December 18, 1778 – George Washington on the American Character

On this day in history, Washington sent a letter to a friend of his, Benjamin Harrison. (No, not Benjamin Harrison the President of the United States from 1889-1893), although that was this Benjamin Harrison’s great-grandson. Harrison’s son, William Henry Harrison, also served as U.S. President from March 4, 1841 to April 4, 1841 – he was the first president to die in office.)

This Harrison was a Virginia planter and delegate from Virginia to the First and Second Continental Congresses. During the Second Continental Congress Harrison resided in a house in north Philadelphia with Peyton Randolph and George Washington. He remained friends with Washington, corresponding with him often, especially in his role as Chairman of the Board of War during the Revolution.

Benjamin Harrison V , Founding Father

Benjamin Harrison V , Founding Father

Seven months after the Continental Congress ratified the Treaty with France, Washington wrote a letter to Harrison suggesting he did not perceive the treaty as helpful enough; there were still barriers to overcome. Some of his criticisms concerned the Continental Congress itself. His observations make it sound as if nothing has changed since then. He wrote, in part:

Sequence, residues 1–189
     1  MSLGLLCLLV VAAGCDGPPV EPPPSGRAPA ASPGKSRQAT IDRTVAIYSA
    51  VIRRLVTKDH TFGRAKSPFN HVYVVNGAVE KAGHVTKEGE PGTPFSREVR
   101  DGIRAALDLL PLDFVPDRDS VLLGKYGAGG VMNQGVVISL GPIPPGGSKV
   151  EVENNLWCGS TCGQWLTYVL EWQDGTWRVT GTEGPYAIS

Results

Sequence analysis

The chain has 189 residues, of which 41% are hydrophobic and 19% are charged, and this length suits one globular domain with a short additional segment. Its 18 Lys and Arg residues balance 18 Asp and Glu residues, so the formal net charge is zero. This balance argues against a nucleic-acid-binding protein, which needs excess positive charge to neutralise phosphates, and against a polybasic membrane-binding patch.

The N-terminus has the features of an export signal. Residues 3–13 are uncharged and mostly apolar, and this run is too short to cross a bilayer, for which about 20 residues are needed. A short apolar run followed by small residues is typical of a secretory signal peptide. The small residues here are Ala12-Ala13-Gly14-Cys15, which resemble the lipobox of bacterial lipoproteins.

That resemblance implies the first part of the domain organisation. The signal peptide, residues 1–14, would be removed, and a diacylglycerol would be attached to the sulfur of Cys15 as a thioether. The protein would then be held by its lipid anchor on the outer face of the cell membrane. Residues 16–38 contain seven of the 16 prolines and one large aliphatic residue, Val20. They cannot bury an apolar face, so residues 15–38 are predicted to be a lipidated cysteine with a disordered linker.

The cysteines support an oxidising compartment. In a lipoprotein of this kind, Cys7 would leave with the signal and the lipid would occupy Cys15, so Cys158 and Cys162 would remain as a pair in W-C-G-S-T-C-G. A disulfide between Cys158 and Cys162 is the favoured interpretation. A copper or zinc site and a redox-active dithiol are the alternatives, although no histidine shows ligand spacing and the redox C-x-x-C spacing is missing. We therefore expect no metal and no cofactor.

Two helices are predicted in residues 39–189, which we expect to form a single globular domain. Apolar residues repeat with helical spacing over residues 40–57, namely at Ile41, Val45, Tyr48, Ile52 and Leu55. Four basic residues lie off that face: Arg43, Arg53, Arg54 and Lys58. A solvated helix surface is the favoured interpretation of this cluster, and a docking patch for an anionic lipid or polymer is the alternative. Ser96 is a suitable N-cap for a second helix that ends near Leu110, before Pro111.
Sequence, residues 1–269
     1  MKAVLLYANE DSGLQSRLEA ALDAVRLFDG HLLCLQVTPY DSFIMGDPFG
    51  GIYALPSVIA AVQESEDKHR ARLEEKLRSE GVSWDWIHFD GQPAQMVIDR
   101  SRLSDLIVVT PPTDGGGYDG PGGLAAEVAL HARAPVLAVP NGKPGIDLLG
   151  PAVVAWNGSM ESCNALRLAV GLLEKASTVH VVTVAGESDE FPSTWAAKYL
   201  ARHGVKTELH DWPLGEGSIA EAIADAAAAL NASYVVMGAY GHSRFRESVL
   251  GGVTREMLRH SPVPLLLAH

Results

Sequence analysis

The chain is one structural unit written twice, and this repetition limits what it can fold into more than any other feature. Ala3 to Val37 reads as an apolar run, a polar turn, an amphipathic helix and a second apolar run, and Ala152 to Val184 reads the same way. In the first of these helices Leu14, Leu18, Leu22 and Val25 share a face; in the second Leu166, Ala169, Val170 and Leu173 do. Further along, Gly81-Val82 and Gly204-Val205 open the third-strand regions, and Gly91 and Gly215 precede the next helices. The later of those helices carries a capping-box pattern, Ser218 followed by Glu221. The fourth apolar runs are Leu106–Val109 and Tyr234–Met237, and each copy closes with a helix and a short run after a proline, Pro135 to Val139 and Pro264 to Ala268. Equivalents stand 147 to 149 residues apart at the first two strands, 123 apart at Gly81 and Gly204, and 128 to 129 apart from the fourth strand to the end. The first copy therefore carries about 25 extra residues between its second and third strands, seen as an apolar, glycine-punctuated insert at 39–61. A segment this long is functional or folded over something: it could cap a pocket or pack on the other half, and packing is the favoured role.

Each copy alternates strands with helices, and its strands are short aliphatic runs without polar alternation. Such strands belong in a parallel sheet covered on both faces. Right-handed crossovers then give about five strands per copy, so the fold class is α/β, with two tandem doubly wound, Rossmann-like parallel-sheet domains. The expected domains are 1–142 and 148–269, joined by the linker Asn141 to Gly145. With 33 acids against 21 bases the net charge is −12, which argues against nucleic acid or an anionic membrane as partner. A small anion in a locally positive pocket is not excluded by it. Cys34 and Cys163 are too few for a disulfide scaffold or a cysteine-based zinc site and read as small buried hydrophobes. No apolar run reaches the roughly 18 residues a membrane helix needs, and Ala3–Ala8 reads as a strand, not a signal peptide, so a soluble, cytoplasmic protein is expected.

If I was to be called upon to draw A picture of the times, and of Men; from what I have seen, heard, and in part know I should in one word say that idleness, dissipation and extravagance seem to have laid fast hold of most of them. That Speculation, peculation, and an insatiable thirst for riches seems to have got the better of every other consideration and almost of every order of Men. That party disputes and personal quarrels are the great business of the day whilst the momentous concerns of an empire, a great and accumulated debt; ruined finances, depreciated money, and want of credit (which in their consequences is the want of every thing) are but secondary considerations and postponed from day to day, from week to week as if our affairs wore the most promising aspect; after drawing this picture, which from my Soul I believe to be a true one I need not repeat to you that I am alarmed and wish to see my Countrymen roused.”

You can read the entire letter here.

President George Washington here seen as Major General and Commander-in-Chief of the Continental Army

President George Washington here seen as Major General and Commander-in-Chief of the Continental Army


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